Do you ever get the feeling that some things are simply meant to be? Maybe you don’t exactly know why, or you might not understand how something came to be, but it simply seems right. Maybe you ended up at a certain place at a certain time, and you really cannot be sure why a particular thing happened, but it simply felt a certain way.
I wish I had a better way to describe it for you, but I think we have all been there. Some people describe meeting their eventual spouse for the first time in this way. Some people talk about how certain career opportunities just appeared out of nowhere at the right time and turned out to be the perfect fit for their skills. Even some things that may not be great, but they still have that feeling of destiny or, in the words of George McFly, “density.” (Incidentally, I was talking to some younger coworkers the other day who had never seen Back to the Future. They have no idea what they are missing.)
I have been thinking about this a lot lately in the context of a quote from The Lord of the Rings which probably comes as a surprise to just about no one. As they are nearing the end of their journey to destroy the Ring, Sam is carrying Frodo and the road is becoming remarkably difficult. He is dehydrated, malnourished and exhausted in a barren wasteland, and he is carrying his friend up a mountain. That’s a tough time.
In the midst of all that though, he finds a path. Sam sees it as something that was simply meant to be for his benefit, but that’s not the entire story.
This is a fascinating passage. Notice what we have here based on the different perspectives. Sam does not know much about the geography of Mordor. He simply knows that there is a path in front of him, and he is grateful that it is there because it will make his journey that much easier. However, he attributes the purpose behind the path to some benevolent power who put it there for his benefit. The reader is not given any more insight into Sam’s thoughts at this moment, but they are obviously characterized by gratefulness.
What the reader does know in the next sentence is that this path was actually created for nefarious purposes. It was built to allow the Dark Lord to move around his own domain more efficiently. It was not designed for Sam at all. In fact, a little further down on the page, the reader is informed that even Sauron’s minions maintain the road. It wasn’t just created originally for the Dark Lord, but it was actively maintained for his purposes.
There are a few potential options here for the reader. I find this passage perplexing in some ways. After all, the road was indeed built for a specific purpose. I do not know the implications of the construction of that road. Had it created a great deal of pain and suffering by allowing agents of evil to move more quickly around their own land? I am not sure. Maybe so, or maybe not. We simply do not know. Maybe there were certain conflicts that would have turned in favor of the good armies if the evil hordes were not able to effectively move troops. Perhaps there is some reference in the legendarium I am not aware of, but I don’t believe there is. All that we actually know is that it was indeed constructed for the purposes of Sauron.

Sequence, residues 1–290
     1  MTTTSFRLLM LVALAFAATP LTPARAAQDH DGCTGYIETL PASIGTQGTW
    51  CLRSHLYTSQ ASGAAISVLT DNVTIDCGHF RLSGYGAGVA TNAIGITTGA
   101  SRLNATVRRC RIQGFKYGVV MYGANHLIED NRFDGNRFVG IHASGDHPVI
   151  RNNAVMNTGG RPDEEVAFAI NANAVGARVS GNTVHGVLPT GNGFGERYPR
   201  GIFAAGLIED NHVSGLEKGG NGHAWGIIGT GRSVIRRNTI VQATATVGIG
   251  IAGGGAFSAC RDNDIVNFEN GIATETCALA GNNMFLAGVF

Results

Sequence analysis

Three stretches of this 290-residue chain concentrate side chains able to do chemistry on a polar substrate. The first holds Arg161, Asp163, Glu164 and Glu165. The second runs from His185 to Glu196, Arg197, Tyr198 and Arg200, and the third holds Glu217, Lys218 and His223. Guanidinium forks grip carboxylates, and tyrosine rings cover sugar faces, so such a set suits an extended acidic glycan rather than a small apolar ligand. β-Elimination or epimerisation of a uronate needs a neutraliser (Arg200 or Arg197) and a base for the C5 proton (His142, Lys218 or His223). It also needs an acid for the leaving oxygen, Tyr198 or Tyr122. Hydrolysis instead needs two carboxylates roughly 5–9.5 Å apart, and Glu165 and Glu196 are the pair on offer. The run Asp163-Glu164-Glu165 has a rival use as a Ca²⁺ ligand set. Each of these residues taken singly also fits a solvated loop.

However, if Sam’s evaluation of his own situation is accurate, then this road was also what ironically brought about Sauron’s defeat. If Sam would not have been able to ascend the mountain without that path, then the forces of evil had been committing time and energy to creating and maintaining exactly what would ultimately bring about their own downfall.
Was the path intended by a higher power? Was it not intended by a higher power but nevertheless used by that higher power for the facilitation of a good outcome? Now we have run into our classic theological debate about the nature of free will. I’m not necessarily going to dive into it, but no matter which perspective you take, the actual facts of the situation remain identical. There is a road that had been used for bad purposes but was ultimately used for a wonderful purpose. In fact, it was used for the purpose of saving the world.
I don’t know where you are spiritually. However, I imagine you have probably had some tough times in your life. We are all different and have our own obstacles to face, but we share the common reality of living in a fallen world. That is the one thing I think people of all religions or no religion can agree on. Our world is a pretty messed up place a lot of the time, and we are really good at making a mess of it ourselves.
However, we find the signs that seem meant to be, and they surprise us. We end up surrounded by all of these things that may not always go our way, but sometimes those detours are the things that work out for our benefit in the long term. We don’t like them in the short term. They might be objectively bad. That being said, they also seem to have this strange quality that makes them either ultimately beneficial or seemingly beneficial even if they were not intended that way by their creator.
This passage of The Lord of the Rings never really stood out to me in my prior read throughs, but it really stood out to me this time. The theme has seemed remarkably powerful to me in just about everything lately. I don’t know exactly why. Maybe I just want to see the activity of Providence in the world, or maybe I am seeing it more, so I am becoming more attuned to its presence. Either way, these types of things are not just limited to fantasy. I think you can find them around you as well.